A guide to conveyancing

Around 1 million homeowners in the UK move every year – and each property that changes hands must go through conveyancing. Here are the key points.

Shakila Hashmi From the Money team
4
minute read
posted

How does conveyancing work?

Most commonly, a solicitor or licensed conveyancer is put in charge of conveyancing and it’s their job to:

  • handle contracts between the buyer and seller
  • update or register the ownership of the property with the Land Registry
  • organise the payment of stamp duty, if applicable
  • conduct local searches – for example, to check if there are any plans for new developments in the area.

Be aware that when you apply for a mortgage, a lender might offer you a list of conveyancers they've selected. Sometimes the conveyancing service might be include as part of the mortgage deal, but you'll usually have to pay a separate conveyancing fee. You're free to choose – and pay for – your own conveyancer if you wish.

If you're selling a property, your estate agent should be able to recommend a solicitor to handle your conveyancing or, again, you could choose your own.

What else should I think about when choosing a conveyancer?

Check whether the price you’re offered by a conveyancer includes VAT and if there’ll be any additional charges. Some providers offer a no-completion, no-fee service that could protect you if a property sale falls through.

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How much does conveyancing cost?

The cost of conveyancing varies. Typically, conveyancing fees cost between £850 and £1,500 (including VAT). Local searches usually cost a further £250-£350. You might be able to find a cheaper deal for conveyancing by searching online. Since December 2018, solicitors in England and Wales have to publish conveyancing fees on their websites.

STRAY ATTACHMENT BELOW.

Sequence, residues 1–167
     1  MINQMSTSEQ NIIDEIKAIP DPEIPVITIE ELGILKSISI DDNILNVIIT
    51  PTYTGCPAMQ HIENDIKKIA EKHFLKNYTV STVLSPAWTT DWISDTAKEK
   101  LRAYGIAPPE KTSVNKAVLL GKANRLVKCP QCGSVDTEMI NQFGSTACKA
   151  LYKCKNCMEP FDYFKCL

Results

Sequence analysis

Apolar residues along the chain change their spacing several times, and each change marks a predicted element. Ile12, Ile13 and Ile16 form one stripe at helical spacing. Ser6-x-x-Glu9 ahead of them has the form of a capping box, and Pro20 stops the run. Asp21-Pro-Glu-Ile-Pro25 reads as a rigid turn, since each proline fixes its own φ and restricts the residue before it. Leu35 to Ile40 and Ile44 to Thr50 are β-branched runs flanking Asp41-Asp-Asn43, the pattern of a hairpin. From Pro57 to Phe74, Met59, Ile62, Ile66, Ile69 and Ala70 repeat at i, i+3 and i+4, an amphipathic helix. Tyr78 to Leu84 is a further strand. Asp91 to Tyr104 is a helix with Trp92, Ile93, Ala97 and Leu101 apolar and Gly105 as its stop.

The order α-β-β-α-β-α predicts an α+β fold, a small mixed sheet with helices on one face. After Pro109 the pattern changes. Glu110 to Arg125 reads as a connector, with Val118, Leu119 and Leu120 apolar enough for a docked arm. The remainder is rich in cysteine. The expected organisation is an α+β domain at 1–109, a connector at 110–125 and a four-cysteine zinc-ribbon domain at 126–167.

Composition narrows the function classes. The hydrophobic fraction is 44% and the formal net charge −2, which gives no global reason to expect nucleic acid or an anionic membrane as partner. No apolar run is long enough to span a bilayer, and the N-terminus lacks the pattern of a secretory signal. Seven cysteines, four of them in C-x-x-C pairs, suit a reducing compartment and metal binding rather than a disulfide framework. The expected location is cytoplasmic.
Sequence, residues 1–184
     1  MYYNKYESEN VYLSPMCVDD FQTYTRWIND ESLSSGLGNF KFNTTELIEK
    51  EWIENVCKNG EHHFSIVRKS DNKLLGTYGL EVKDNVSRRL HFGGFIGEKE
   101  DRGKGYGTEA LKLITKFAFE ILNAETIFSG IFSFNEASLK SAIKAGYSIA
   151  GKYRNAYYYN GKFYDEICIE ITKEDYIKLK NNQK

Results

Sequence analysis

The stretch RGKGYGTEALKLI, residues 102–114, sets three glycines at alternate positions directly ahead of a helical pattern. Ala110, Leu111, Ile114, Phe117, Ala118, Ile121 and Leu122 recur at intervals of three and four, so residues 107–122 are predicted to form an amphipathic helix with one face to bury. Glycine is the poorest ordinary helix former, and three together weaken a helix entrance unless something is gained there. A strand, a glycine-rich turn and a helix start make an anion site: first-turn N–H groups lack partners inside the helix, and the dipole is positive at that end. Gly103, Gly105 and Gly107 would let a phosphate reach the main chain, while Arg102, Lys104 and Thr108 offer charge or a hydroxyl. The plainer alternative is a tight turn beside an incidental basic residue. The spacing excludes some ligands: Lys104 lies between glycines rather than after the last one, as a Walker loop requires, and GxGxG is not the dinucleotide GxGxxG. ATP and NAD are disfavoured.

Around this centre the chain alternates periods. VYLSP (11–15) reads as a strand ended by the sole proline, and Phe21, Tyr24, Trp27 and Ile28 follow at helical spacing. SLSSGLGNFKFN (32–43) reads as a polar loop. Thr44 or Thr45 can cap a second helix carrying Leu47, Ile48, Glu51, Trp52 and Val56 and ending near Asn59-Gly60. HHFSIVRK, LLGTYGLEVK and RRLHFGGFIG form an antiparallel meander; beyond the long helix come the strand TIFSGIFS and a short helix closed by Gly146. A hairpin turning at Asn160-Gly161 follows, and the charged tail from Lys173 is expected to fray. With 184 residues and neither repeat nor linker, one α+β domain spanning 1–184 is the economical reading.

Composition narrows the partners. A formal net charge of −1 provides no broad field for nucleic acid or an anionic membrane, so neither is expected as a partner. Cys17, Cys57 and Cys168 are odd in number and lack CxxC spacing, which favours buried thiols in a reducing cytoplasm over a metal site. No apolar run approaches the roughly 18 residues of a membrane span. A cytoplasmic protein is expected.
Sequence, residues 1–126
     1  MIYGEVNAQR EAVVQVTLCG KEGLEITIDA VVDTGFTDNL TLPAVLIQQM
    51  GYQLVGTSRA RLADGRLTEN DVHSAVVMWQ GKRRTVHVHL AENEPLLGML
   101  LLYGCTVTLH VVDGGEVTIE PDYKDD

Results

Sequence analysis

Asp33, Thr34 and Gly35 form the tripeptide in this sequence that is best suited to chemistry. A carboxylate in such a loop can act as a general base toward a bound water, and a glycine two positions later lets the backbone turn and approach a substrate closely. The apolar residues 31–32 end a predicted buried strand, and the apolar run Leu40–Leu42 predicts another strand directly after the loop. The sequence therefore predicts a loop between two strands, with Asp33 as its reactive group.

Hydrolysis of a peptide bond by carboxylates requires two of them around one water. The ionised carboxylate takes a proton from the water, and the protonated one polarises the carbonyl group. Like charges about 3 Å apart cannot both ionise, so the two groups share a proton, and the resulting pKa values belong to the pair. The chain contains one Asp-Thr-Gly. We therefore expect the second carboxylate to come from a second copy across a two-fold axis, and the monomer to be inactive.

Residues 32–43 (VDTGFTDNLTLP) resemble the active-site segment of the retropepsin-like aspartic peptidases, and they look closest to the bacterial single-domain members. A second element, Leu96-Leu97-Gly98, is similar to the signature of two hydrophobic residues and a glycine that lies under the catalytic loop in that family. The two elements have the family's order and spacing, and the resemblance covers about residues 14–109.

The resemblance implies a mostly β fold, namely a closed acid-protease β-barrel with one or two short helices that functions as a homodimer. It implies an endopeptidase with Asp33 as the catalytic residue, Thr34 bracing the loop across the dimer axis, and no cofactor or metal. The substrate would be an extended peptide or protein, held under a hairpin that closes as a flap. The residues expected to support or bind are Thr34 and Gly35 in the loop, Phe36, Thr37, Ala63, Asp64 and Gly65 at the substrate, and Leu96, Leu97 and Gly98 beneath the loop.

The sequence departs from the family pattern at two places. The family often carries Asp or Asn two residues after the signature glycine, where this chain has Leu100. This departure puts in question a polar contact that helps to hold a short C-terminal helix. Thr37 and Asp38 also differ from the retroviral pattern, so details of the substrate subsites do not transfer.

It’s worth factoring in the other expenses of moving to a new home. For example, our data shows that the average cost of mortgage lender fees alone could be £1,200**. Mortgage lender fees typically covers a booking fee, administration fee and valuation fee. Stamp duty is another cost to think about – and this would cost a home mover £2,500 on a property worth £250,000. You can calculate how much stamp duty you might have to pay on the government’s website.


**This price is from Compare the Market data and is correct as of 4 March 2019. This figure is based on a home mover - in other words, not a first-time buyer - looking to take out a 25 year repayment mortgage on a £250,000 property with a £50,000 deposit. Prices will vary according to a range of factors, including your property’s value.

Can I do my own conveyancing?

You can do your own conveyancing but the process is complicated and, if it isn’t managed correctly or mistakes are made, problems could arise - for example, with a boundary dispute. Most buyers are typically better off using a legal professional for their conveyancing

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